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Study finds more than 260,000 tons of plastic floating in the ocean

This file 2008 photo provided by NOAA Pacific Islands Fisheries Science Center shows debris in Hanauma Bay, Hawaii. (AP Photo/NOAA Pacific Islands Fisheries Science Center, File)

TORONTO – A new study estimates more than five trillion pieces of plastic are floating in the world’s oceans collectively weighing nearly 269,000 tons.

The data collected by scientists from the U.S., France, Chile, Australia and New Zealand was published Wednesday in the open-access, peer-reviewed journal PLOS ONE.

The majority of the plastic, roughly 92 per cent, is made up of what is referred to as “micro plastics” measuring less than five millimetres, largely created from products such as food and beverage packaging.

The paper suggest birds and marine mammals can become entangled in the larger pieces of plastic, while smaller micro plastics pose a health risk as they are devoured by smaller organisms and get eaten by larger animals all the way up to humans.

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Kara Lavender Law of the Sea Education Association in Woods Hole, Massachusetts, who wasn’t involved in the study told the Associated Press this kind of research is important to understand how the food chain is impacted by plastic in the oceans.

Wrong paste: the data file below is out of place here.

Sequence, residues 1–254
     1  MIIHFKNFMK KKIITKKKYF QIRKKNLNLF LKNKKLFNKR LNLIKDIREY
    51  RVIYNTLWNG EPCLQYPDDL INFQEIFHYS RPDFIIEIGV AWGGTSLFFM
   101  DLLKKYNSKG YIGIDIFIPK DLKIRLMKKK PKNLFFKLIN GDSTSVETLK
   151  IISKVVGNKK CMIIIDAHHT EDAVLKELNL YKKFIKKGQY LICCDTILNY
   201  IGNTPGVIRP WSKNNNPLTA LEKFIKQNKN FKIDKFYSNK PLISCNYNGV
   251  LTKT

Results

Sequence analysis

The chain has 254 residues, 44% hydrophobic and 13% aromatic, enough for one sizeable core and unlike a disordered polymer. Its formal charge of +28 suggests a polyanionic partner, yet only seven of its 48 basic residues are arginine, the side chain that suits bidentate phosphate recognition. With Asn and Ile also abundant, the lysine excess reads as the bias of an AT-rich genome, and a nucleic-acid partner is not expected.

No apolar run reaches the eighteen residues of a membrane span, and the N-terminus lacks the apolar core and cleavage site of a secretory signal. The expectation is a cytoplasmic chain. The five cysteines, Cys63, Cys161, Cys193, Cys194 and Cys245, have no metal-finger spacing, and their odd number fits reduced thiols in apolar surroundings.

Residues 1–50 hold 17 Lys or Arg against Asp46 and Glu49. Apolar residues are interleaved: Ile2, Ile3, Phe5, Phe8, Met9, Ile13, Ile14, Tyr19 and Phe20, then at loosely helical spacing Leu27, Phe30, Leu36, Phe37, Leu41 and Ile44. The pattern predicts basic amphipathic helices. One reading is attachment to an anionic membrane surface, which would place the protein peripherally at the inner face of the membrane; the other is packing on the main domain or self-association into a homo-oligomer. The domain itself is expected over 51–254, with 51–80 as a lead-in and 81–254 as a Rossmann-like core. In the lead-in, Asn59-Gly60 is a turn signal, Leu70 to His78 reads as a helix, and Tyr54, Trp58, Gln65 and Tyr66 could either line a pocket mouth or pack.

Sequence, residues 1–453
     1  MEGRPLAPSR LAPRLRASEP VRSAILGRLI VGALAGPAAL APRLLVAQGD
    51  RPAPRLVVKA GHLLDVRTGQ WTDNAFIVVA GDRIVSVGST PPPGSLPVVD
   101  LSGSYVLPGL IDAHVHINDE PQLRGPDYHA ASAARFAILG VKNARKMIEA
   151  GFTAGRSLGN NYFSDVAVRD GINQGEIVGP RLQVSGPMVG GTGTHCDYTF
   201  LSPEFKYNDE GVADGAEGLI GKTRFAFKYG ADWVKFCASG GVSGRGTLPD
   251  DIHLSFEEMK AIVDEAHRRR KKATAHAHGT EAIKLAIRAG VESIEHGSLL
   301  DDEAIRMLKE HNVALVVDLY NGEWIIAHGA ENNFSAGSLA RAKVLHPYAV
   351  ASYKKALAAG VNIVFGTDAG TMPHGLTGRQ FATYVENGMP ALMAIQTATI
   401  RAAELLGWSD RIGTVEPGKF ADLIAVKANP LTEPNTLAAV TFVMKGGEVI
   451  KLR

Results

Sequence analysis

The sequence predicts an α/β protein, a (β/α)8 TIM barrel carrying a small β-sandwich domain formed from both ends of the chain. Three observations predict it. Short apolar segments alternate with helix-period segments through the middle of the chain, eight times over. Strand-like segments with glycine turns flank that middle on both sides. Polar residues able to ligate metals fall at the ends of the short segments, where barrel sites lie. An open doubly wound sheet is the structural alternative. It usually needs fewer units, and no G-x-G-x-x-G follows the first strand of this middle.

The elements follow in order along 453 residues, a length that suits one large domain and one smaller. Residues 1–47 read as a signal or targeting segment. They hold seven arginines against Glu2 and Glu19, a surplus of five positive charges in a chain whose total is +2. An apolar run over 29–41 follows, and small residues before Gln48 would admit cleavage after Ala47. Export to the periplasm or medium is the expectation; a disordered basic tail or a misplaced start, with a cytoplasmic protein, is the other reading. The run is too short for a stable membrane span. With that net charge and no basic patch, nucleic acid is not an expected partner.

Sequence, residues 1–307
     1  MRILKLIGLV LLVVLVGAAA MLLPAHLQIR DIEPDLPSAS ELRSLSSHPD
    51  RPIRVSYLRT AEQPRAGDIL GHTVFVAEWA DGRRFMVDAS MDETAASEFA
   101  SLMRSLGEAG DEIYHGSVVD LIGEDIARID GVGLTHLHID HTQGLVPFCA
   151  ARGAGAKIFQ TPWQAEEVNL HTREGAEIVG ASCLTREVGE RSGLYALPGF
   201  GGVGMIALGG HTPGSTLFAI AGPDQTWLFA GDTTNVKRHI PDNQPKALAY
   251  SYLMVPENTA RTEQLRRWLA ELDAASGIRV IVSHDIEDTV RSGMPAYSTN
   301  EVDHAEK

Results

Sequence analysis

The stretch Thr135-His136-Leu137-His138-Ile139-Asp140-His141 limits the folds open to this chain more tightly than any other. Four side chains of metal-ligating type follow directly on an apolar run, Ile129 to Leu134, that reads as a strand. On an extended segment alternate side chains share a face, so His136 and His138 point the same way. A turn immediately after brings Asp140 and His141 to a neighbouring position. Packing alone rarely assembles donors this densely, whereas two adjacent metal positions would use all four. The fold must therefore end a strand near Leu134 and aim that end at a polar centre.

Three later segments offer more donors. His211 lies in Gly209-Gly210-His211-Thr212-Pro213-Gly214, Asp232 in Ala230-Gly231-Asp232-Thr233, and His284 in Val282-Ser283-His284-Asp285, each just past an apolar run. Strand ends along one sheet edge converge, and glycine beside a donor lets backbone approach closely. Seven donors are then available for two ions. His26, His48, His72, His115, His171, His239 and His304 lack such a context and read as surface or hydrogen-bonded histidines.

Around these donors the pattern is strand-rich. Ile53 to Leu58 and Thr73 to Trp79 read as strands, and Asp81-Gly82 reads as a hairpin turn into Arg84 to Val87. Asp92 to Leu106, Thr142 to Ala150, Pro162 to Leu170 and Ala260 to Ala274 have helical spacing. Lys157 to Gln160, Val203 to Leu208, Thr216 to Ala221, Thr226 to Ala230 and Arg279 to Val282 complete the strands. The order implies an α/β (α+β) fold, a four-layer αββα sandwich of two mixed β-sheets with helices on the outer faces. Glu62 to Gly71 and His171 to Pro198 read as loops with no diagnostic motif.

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“Am I being poisoned by eating the fish on my plate?” she said. “We have very little knowledge of the chain of events that could lead to that. But it’s a plausible scenario that plastic ingested at lower levels of the food web could have consequences at higher levels of the food chain.”

To gather the data, scientists dragged a fine net along the sea surface to gather smaller plastics, while larger items like fishing-equipment and ordinary household garbage were counted from boats.

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Although the plastic is spread across the world through ocean currents, most of the garbage accumulates in large ocean gyres, large circular currents that hold plastics in a specific area. One of these known as the “great Pacific garbage patch” covers an area roughly the size of Texas.

The study was lead by Markus Eriksen of the 5 Gyres Institute, an organization that aims to reduce plastic in the oceans.

*With files from the Associated Press

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